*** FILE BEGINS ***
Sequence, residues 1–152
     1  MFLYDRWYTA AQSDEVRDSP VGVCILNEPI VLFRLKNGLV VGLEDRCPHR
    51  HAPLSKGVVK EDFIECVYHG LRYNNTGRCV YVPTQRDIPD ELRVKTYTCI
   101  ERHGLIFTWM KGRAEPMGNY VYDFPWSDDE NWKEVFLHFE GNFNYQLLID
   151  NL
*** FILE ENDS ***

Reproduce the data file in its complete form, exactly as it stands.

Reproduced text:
Sequence, residues 1–152
     1  MFLYDRWYTA AQSDEVRDSP VGVCILNEPI VLFRLKNGLV VGLEDRCPHR
    51  HAPLSKGVVK EDFIECVYHG LRYNNTGRCV YVPTQRDIPD ELRVKTYTCI
   101  ERHGLIFTWM KGRAEPMGNY VYDFPWSDDE NWKEVFLHFE GNFNYQLLID
   151  NL